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Career choices: when children and parents disagree

5 min read   •   October 7, 2021
Jacqui Smit – Copywriter

It is a trope that has been played out in the media for decades – a parent wants their child to be a doctor or engineer, the child wants to be an artist or musician, and chaos ensues…

As your child gets older, there will be increasing pressure to decide what career path they want to pursue after completing their studies. The vocation a child chooses will inform many other choices they need to make, such as Grade 10 – 12 subject selections and university applications. Particularly during the higher grades, children will need to explore their talents and interests to make these decisions. Sometimes, what children want or decide is not necessarily what their parents would want or decide, and conflict can arise.

Read more: Career choices: How to help your child make their subject selections in Grade 9

Resolving conflict

As a parent, you want the best for your child and, as the old saying goes, you may believe that mother or father ‘knows best’. There certainly is value in the experience and knowledge parents have gained throughout their lives and while raising their children – however, it is essential to recognise that your child is an independent person, and your choices may not always align. So, what is a parent to do in this scenario? Here are some tips:

1)   Remember that parent-child conflict is normal

It is easy for both children and parents to become frustrated over disagreements, especially when they are about something as pivotal as a future career. It is also easy for both parents and children to think the other is being unreasonable and behaving out of line compared to other parents and children. That said, arguments or clashes about what parents think is the right choice for their child are exceptionally common. Parents and children would do well to bear in mind that such battles are not out of the ordinary and that there are ways to work through them. If you are experiencing difficulty with your child regarding their career choice, consider that this is not the first scuffle of its kind, nor will it be the last.

Read more: How to handle angry feelings

2)   Understand both sides

When we argue or disagree with someone, it is easy to become wrapped up in our own point of view without making an effort to understand or empathise with the other person. As much as you may feel hesitant or unwilling to try to comprehend the other person’s perspective (especially in a relationship like the parent-child dynamic), both parents and children must allow one another to explain their point of view without interruption or judgment. Allow each other to talk without making foregone conclusions. A good way to do this is to give each person time to clarify their thoughts and feelings and ‘echo’ them back in your own words to see if you understand one another correctly. A back-and-forth discussion like this will take some time, but it will be worth your while. Permit everyone involved to ask each other questions. If things get heated and emotions start running high, pause the discussion and return to it when everyone is calmer.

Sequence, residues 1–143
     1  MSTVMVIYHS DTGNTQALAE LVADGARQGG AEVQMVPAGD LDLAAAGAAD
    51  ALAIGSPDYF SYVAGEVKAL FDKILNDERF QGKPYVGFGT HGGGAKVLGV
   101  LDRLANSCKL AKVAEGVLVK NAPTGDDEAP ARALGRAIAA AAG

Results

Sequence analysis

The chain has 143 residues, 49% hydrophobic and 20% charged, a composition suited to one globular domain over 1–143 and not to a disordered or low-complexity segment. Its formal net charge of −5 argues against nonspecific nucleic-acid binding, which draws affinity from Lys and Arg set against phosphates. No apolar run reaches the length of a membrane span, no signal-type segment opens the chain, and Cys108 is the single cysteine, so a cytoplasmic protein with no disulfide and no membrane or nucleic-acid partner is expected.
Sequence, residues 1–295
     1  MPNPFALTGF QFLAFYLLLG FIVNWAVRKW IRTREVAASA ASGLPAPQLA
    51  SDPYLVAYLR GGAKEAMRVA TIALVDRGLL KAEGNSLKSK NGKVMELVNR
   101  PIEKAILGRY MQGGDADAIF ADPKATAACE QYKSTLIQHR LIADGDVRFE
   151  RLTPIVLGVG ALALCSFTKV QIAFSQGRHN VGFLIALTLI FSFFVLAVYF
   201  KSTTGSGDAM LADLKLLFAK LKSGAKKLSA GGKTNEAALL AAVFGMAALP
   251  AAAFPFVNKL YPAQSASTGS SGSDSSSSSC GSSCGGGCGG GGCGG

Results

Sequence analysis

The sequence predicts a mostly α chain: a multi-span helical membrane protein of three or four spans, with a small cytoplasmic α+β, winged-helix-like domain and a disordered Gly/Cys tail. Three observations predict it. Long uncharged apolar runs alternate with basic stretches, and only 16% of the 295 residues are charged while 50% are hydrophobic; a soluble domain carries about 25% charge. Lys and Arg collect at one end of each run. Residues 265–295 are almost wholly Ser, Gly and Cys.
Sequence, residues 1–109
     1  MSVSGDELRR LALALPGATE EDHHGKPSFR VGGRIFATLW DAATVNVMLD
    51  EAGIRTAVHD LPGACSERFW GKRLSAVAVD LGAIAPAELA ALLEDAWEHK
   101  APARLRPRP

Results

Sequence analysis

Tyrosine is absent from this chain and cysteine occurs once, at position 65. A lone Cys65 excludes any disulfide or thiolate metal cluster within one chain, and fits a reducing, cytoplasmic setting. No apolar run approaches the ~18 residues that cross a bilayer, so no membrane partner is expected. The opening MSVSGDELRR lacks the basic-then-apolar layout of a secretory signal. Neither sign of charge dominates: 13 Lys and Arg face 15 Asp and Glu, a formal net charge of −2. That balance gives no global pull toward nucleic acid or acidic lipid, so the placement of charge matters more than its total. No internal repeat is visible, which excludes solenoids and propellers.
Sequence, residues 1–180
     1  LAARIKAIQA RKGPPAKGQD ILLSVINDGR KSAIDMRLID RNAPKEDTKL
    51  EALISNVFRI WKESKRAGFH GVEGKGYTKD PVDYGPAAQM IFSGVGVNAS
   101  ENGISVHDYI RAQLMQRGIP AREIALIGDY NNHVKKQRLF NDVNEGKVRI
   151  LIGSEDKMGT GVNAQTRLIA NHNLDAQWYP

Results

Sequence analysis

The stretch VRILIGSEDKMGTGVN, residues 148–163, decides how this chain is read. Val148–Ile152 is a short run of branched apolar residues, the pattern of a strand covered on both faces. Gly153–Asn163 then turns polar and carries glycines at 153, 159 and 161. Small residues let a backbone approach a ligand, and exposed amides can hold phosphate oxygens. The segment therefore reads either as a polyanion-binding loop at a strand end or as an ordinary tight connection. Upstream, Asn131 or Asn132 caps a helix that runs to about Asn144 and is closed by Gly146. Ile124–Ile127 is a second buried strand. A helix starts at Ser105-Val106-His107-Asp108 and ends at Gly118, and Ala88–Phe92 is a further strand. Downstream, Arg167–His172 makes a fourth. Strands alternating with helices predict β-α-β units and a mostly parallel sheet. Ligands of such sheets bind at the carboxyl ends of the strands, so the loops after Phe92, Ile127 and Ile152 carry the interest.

Read more: Setting boundaries with your teenagers

3)   Find a middle ground and make a game plan

Once everyone involved understands each other’s standpoint, they can begin finding a way to move forward. Begin with reiterating common points on which everyone agrees and with which everyone is happy – these could be something like the child wanting to go to a public university instead a private one. Use these common points as a jumping board for formulating a way forward.

There will most likely have to be quite an extensive amount of compromise from everyone involved. For example, if a parent wants their child to study law but the child wants to study History, you could agree on a BA LLB wherein a student studies one year of a general BA and then studies one BA major and law concurrently for the rest of the degree. With enough patience and research, you might find that there are various options available to students that can accommodate both the parent and child’s interests.

Read more: How to help a learner prepare for university

Destined for success

Ultimately, it is crucial to remember that your child is their own person with unique interests and abilities. Unfortunately, when children are coerced into a career path chosen by a parent, they are very often destined for failure. When a child chooses a career in line with their personality and skills and feels supported by their parents, they will almost always succeed. Studying and building a career takes a lot of time, energy, and money – do not let that go to waste!

Career Compass

If you and your child are struggling with their career choice and your interests seem irreconcilable, it would be worth the time to seek out career guidance and counselling. Career Compass is Optimi Classroom’s latest career guidance offering, designed to help learners find a career in line with their personalities and strengths. Within half an hour, this online questionnaire will match your child’s personality type to compatible work environments and link them to a database of career job descriptions and training institutions. Learn more here.